Once the map is up and running, you can use it to divide your space into rooms, which makes it possible to use different settings in each. It also lets you send the robot to particular places, either via the app or by issuing instructions with your voice by connecting it to your Google Assistant or Amazon Alexa smart speaker. You can also select areas for the robot to ignore by drawing a box around them.

We have criticised Dyson in the past for placing the collection bin at the front, so it can’t be removed and emptied without first lifting the robot off its charging plate. Thankfully, this has changed and the robot’s bin now sits at the rear, allowing you to access it far more easily. To remove the bin, simply press the large red button on the top and it pops out of its housing, ready for emptying.

dyson 360 vis nav review

The emptying process is fairly straightforward, too. A button on the bin’s bucket-style handle releases a door on the base of the collection bin, in the process dropping the outside edge away from the filter compartment. Gravity does the rest but if there’s still dirt stuck inside, all the parts are easily accessible so you can dislodge any other debris fairly easily.

Once this first filter has done its job there’s a second one, a concertina of folded paper, located in a compartment between the bin and the roller. This can be opened and removed by pressing down on it, and cleaned in cold running water like most Dyson filters.

READ NEXT: The best cordless vacuums to buy

Dyson 360 Vis Nav review: Is it good at finding its way around?

The Dyson 360 Vis Nav’s top-mounted camera uses a fish-eye lens, so provides it with some ability to see forwards. However, it doesn’t use it to avoid obstacles in the middle of the floor in the same way as the front-mounted camera on an iRobot Roomba j7 can.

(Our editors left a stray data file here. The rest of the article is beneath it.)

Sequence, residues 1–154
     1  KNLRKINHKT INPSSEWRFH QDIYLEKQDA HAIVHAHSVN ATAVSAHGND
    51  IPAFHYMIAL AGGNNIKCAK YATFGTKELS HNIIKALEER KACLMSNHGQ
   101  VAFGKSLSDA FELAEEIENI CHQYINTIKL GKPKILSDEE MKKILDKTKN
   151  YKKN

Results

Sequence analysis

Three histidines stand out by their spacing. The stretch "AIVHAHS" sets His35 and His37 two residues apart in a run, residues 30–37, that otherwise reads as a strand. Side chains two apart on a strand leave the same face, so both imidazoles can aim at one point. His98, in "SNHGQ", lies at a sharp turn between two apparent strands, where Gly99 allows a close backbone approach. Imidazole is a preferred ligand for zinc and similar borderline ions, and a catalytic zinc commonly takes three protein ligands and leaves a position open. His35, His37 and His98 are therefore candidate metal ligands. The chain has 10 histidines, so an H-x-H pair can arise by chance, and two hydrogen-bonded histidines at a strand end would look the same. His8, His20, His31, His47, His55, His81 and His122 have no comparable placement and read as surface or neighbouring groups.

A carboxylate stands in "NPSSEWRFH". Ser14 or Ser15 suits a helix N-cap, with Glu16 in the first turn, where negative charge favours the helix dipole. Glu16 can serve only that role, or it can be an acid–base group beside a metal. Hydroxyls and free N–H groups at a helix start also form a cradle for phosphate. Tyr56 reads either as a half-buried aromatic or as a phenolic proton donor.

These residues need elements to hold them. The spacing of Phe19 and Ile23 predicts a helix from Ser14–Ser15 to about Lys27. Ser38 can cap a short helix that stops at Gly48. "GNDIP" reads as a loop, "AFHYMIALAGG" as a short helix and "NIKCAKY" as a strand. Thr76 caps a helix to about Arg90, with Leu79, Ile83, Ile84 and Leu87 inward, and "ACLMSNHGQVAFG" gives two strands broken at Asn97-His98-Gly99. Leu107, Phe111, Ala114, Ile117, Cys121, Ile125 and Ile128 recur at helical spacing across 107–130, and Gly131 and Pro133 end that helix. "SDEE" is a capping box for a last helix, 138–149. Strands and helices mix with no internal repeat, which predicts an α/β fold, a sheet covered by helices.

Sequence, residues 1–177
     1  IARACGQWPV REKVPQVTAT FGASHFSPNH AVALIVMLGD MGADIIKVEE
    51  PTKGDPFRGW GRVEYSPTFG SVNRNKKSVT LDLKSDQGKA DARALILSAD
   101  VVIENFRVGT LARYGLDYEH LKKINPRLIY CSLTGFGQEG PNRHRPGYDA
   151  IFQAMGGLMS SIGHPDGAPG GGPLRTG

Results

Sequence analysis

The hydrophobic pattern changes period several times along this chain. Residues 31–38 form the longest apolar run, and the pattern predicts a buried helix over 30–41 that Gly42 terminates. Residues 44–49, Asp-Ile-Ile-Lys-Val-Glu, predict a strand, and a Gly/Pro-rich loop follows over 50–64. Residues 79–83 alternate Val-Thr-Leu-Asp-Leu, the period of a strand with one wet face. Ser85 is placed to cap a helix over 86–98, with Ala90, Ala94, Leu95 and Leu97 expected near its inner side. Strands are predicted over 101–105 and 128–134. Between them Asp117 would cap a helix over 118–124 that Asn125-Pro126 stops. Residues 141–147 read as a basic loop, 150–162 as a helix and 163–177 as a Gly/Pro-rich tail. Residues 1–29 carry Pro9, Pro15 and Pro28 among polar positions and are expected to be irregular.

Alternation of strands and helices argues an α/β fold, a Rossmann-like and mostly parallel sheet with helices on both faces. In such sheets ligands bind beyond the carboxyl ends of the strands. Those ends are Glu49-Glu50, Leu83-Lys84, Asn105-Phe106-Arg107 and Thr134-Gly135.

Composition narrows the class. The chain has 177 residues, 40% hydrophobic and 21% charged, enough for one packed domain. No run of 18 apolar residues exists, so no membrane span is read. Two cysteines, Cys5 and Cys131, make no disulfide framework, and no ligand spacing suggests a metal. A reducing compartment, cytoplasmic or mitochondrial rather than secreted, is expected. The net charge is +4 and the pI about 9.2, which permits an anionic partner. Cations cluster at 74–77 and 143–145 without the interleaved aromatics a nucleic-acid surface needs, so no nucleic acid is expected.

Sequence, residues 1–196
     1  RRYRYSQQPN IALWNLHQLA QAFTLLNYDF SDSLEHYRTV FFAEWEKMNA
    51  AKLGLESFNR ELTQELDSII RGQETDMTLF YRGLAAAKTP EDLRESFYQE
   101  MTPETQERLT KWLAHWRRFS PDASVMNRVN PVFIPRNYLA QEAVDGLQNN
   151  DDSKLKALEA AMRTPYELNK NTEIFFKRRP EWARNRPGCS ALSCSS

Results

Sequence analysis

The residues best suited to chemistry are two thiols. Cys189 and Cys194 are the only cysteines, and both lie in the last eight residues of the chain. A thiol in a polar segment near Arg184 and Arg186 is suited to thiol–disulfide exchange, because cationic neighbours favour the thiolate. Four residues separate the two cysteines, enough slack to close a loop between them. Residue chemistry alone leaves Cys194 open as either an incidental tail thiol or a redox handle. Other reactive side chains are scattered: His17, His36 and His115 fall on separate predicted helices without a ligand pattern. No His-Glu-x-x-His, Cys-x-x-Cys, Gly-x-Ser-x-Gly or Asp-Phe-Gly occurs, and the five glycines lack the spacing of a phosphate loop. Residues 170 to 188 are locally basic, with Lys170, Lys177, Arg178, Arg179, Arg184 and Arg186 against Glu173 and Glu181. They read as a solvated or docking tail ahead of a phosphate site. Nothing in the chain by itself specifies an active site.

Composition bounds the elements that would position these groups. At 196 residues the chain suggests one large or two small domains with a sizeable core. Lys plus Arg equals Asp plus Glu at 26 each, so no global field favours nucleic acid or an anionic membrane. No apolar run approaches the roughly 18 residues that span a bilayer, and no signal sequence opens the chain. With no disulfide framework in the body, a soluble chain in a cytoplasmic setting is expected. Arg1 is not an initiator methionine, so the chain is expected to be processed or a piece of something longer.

Dyson makes no claim on obstacle detection, and even mentions clearing your floor before starting a clean in its documentation, but we tested it anyway with our usual trio of dropped hazards: a sock, a charging cable and a fake plastic dog poo. The 360 Vis Nav merrily drove over them all, so this isn’t a robot for a messy house.

dyson 360 vis nav review

The 360 Vis Nav uses a combination of mapping and the camera to find its way around, using SLAM (simultaneous location and mapping). This isn’t nearly as efficient as LiDAR at creating a map in the first place, since LIDAR can scan ahead while Dyson’s SLAM implementation needs the robot to visit a space to include it on the map.

Once the map is built, however, the 360 Vis Nav proved excellent at finding its way around. There’s a small bumper in front of the roller to detect collisions with furniture, but it barely uses this and does an impressive job of getting close to things such as chair and table legs, rarely touching them. I also didn’t see it getting caught up in any table legs or under chairs, something other vacuums are prone to do.

dyson 360 vis nav review

On the one hand, this is a good thing. If you have fragile furniture then the 360 Vis Nav is skilled at avoiding it. However, the downside is that it doesn’t like to venture under furniture where the legs are close together. It won’t get stuck trying to get out again, but if you want to clean the floor underneath a dining room chair or small table, you’ll need to lift it off the floor before you start.

Where the robot did struggle, however, was around rugs. The robot has a habit of nosing into areas, then rotating on the spot to explore the area around it. Since the sides are almost flush with the floor, this means it tends to crumple up rugs rather than riding over them smoothly, sometimes creating a wall of carpet big enough to stop it in its tracks.

dyson 360 vis nav review

I’ve seen this happen with a handful of other robots but it was much more frequent with the Dyson, its sharper front corners and low edges hampering its ability to navigate around or over such things.

Most robot manufacturers are coming to terms with the fact that many people in the UK live in houses that have more than one storey. As a result, if a consumer is going to spend a lot of money on a robot vacuum cleaner, it doesn’t seem much to ask to have a robot that can be moved easily from one floor to another. Dyson has that covered to a point; the app can make multiple maps of multiple floors and store them for later access.